VirtualHost allows you to assign different websites across domains to the same IP address. They allow easy access to a PHP application hosted on an Apache web server through a simple domain. For this reason, is very used for web developers and system administrators. In this article, I will show you how to configure an Apache virtual host on Debian 9.
0.What you need
Before you start, you must have certain requirements for everything to work perfectly.
- Have, at least, a notion of how to use the command line interface.
- A user who can use sudo.
- A desire to learn. Vital to acquire the knowledge that I will give you.
- A computer with Debian 9 installed. Obvious, isn’t it?
1. Install Apache web server
Generally, before you start installing and configuring a system, it is a good idea to perform a general system upgrade. With this, you will obtain the last security patches.
Open a terminal and run on it:
:~$ sudo apt update && sudo apt upgrade
After you enter your password, the update process will begin. As a result, you will have an updated and secure system.
Now, you can install apache2 from the official Ubuntu repositories. Run:
:~$ sudo apt install apache2
As a result, you can now go to your browser and set the IP address of the server and you will see a page similar to this one. Open it.
Good job. Apache is running smoothly on your computer.
2.- Create web directory for each Apache virtual host
In order to create a structure of efficient directories and that the Virtual hosts do not have problems, you must create a directory for each one of them. In this case, I will only create two virtual hosts. One called “osradar1.local” and other called “osradar2.local”.
Create the folders:
:~$ sudo mkdir -p /var/www/html/osradar1.local/public_html :~$ sudo mkdir -p /var/www/html/osradar1.local/public_html
With this in mind proceeds to change the owner of them. Run,
:~$ sudo chown -R $USER:$USER /var/www/html/osradar1.local/public_html :~$ sudo chown -R $USER:$USER /var/www/html/osradar2.local/public_html
Finally, change the permissions on the folders.
:~$ sudo chmod -R 755 /var/www/html/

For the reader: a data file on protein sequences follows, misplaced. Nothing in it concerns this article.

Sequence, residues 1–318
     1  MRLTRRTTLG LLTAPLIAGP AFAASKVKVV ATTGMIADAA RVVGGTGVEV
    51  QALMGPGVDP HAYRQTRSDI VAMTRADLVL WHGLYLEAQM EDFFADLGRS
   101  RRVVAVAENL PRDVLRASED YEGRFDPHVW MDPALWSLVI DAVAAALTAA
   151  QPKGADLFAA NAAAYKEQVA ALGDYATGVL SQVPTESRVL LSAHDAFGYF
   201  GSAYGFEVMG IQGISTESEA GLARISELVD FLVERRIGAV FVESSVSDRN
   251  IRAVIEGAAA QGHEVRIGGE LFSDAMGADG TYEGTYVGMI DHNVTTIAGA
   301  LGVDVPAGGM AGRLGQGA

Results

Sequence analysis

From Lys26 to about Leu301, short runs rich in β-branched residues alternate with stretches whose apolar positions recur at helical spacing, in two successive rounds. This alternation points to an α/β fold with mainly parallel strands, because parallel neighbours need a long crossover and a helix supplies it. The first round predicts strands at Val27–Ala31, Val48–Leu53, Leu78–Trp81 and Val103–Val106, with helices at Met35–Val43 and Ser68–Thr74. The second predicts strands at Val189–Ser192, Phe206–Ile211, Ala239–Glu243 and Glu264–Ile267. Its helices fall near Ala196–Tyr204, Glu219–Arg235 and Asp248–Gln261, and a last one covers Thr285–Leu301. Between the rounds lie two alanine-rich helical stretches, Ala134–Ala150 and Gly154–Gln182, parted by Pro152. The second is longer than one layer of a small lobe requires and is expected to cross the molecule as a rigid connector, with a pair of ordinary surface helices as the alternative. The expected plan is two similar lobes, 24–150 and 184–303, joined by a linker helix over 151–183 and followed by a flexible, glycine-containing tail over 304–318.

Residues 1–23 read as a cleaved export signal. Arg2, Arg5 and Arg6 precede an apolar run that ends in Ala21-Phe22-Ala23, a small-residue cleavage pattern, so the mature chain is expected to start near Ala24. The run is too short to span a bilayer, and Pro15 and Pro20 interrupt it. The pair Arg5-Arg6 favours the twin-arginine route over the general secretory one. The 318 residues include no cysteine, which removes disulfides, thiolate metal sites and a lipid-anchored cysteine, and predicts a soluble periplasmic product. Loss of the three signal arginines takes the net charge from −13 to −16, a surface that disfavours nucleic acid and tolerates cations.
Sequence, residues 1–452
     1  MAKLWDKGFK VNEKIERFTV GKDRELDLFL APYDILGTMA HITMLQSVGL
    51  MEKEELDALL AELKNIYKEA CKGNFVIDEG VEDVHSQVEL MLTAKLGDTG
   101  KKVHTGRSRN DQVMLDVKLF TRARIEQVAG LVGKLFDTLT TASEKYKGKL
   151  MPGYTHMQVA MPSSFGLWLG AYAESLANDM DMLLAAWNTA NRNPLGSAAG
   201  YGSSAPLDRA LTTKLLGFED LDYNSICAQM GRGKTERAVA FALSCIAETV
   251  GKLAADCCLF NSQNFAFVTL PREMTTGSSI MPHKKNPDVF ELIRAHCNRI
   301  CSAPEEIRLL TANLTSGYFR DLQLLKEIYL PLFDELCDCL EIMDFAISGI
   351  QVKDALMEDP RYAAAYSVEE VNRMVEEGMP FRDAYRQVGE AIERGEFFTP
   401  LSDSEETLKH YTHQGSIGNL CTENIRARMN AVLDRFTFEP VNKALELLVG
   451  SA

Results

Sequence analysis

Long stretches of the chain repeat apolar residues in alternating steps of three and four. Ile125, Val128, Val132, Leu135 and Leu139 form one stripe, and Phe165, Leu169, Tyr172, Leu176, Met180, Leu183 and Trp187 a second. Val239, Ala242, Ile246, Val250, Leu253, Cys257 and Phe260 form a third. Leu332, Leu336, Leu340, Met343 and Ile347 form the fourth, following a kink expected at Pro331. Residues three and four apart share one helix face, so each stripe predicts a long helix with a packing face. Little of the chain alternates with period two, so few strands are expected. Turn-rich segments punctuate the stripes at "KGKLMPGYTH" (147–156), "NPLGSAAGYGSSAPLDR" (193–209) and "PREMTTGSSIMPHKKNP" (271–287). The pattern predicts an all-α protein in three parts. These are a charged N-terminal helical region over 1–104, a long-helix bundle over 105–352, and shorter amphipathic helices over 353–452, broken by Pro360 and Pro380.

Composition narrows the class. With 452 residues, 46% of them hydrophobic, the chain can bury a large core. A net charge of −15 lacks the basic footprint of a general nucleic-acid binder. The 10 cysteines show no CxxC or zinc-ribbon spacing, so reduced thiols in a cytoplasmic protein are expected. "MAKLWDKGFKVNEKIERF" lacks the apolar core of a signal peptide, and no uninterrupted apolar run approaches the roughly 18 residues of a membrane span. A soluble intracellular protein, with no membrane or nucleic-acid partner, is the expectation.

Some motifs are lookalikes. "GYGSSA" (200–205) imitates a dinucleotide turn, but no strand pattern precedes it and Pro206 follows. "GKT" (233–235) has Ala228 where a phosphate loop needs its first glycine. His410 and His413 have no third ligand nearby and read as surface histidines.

Now, create an example index.html file, to check the operation.
:~$ sudo nano /var/www/html/osradar1.local/public_html/index.html :~$ sudo nano /var/www/html/osradar2.local/public_html/index.html
For the first hosts (osradar1.local) in index.html, type this:
<html> <header> <title> osradar1.local website </title> </header> <body> This message is from osradar1.local website </body> </html>
And for the second host:
<html> <header> <title> osradar2.local website </title> </header> <body> This message is from osradar2.local website </body> </html>
3.- Create the configuration file for each host
In this step, you must create the configuration files for each virtual host, but it’s not complicated because you can rely on the default configuration file.
In the first place, copy the default configuration file, and rename it for each virtual host.
:~$ sudo cp /etc/apache2/sites-available/000-default.conf /etc/apache2/sites-available/osradar1.local.conf :~$ sudo cp /etc/apache2/sites-available/000-default.conf /etc/apache2/sites-available/osradar2.local.conf
Now, you must edit the files to adapt them to each virtual. For example, edit
:~$ sudo nano /etc/apache2/sites-available/osradar1.local.conf
In that file, you must modify ServerName, ServerAlias, ServerAdmin, and DocumentRoot.
Do the same for the other virtual host.
4. Enabling configuration files
Once the configuration files are ready, you must activate them. First, disable the default configuration file and then activate the newly created virtual hosts.
:~$ sudo a2dissite 000-default.conf :~$ sudo a2ensite osradar1.local.conf :~$ sudo a2ensite osradar2.local.conf
And it’s ready. Now let’s check that everything was successful. Restart apache2.
:~$ sudo systemctl restart apache2
5.- Test the virtual hosts
In the first place, edit the file
/etc/hosts and add your IP with the names of the virtual hosts.
:~$ sudo nano /etc/hosts
Now, go to your web browser and enter your virtual host.
And this is it. As you can see it’s really simple.
Tell us, how was your experience with Apache?
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